To write or not to write: Does using a word processor assist reluctant writers?

Lynne Outhred*

*Corresponding author for this work

    Research output: Contribution to journalArticlepeer-review

    4 Citations (Scopus)

    Abstract

    This paper describes a pilot study of the effect of using a word processor on the writing of children with learning difficulties. A small sample of children enrolled at the Macquarie University Special Education Centre wrote two stories each week, one handwritten and one using a word processor. The effect of using a word processor seemed to be related to the specific problems that the children were experiencing in their written work. The children with severe spelling problems made fewer errors in their word processed stories while the reluctant writers whose handwritten were usually only a few sentences in length, tended to write more. However, on average the children did not write longer stories when they used a word processor.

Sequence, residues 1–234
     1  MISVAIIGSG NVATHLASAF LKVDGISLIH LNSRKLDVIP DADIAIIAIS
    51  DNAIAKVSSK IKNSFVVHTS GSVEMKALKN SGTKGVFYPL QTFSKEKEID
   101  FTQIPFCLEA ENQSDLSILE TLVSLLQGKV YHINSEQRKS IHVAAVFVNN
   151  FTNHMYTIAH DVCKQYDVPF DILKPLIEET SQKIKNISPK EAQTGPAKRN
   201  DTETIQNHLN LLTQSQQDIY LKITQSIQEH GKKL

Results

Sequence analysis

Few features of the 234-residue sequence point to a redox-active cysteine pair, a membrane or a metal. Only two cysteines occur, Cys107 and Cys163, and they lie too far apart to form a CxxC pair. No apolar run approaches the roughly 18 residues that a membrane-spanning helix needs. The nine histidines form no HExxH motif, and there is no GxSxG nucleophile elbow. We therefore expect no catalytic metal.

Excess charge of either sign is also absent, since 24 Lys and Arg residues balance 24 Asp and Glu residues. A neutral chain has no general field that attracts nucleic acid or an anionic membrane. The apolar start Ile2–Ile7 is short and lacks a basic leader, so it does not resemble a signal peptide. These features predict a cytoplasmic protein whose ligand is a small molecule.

Original languageEnglish
    Pages (from-to)211-217
    Number of pages7
    JournalAustralia and New Zealand Journal of Developmental Disabilities
    Volume13
    Issue number4
    DOIs
    Publication statusPublished - 1987

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